If his INR is too low, he is at risk or whatever he is taking it for in the first place. If it is too high, he is at risk of bleeding including brain haemorrhage.

It is the doctor's responsibility to ensure appropriate monitoring. If a pt does not have their INR monitored, something bad happens, the prescribing dr (the person who has signed the relevant prescription) is accountable.

EdithWeston Wed 03-Apr-13 07:40:53


With both phone call and letter being used as a reminder, and as doctors' numbers are published and readily available, then DH has no reason for not contacting thr surgery to make his appointment.

If he does not give this enough attention/priority to use/store the phone number, then that's his business, not the fault of the surgery.

Sarah919 Wed 03-Apr-13 07:42:10

YABVU. If the INR is not checked then the warfarin should not be prescribed. How would you feel if he had a massive bleed because the INR was too high, or a stroke because it was too low? Would you still be happy then that the GP had prescribed, just because it's been stable in the past? I don't think so. GPs should never give in to unreasonable demands when they know it's not safe, if it all goes wrong you can bet the patient won't be defending the doctor to the GMC saying they were only trying to help and make things more convenient. No they'll be suing them and writing into the Mail. He has a month to get the INR checked, thats plenty of notice and unfortunately if you're on warfarin then your health needs to be prioritised.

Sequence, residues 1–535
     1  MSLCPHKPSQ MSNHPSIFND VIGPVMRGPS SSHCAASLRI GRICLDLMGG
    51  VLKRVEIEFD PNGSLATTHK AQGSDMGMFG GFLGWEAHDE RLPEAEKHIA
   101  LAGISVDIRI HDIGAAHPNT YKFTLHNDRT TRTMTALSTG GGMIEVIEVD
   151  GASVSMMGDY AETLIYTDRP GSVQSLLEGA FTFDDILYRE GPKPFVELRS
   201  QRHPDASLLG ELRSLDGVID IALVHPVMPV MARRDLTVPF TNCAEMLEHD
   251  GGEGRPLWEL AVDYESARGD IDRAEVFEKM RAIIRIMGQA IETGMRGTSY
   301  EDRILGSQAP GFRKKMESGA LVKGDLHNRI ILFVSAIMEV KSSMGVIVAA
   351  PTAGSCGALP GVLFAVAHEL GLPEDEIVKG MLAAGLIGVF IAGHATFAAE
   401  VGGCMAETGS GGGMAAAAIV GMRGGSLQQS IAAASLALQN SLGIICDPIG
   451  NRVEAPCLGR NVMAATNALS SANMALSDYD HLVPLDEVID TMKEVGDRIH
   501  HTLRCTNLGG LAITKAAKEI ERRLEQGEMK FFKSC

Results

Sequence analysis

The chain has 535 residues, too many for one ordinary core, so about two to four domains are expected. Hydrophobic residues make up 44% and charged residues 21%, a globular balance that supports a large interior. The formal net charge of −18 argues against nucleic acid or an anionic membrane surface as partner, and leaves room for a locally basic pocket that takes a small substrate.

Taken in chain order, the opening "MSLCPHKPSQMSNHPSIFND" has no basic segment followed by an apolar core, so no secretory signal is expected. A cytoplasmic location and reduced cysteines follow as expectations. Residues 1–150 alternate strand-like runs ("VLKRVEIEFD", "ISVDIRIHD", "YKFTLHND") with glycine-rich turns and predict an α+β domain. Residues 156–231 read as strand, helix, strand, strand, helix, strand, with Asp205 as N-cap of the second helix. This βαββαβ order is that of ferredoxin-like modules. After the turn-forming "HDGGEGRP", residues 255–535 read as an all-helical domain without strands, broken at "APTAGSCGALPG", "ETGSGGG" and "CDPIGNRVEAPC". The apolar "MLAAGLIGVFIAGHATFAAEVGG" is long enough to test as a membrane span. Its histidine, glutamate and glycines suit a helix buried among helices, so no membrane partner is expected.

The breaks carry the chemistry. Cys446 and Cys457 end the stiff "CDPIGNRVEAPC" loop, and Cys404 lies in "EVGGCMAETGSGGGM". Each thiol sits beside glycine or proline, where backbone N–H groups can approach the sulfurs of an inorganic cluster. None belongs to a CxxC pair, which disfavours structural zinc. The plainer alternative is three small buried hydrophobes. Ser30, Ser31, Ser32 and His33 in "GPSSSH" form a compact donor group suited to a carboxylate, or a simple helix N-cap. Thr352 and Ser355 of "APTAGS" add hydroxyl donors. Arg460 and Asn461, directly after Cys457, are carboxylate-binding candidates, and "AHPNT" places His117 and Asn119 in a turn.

And how much chasing do you expect the surgery to do? You've had 2 letters, a call to his mobile and yet you're not happy they didn't call your home phone!! And how hard is it to google the surgery number? The GP shouldn't have to keep chasing you, your husband needs to take some responsibility for himself. And if he knew he was working away why did he 'miss' the appointment? Surely he should have cancelled it? There are lots of areas where patients are able to check their own INR at home though, so you could enquire about that.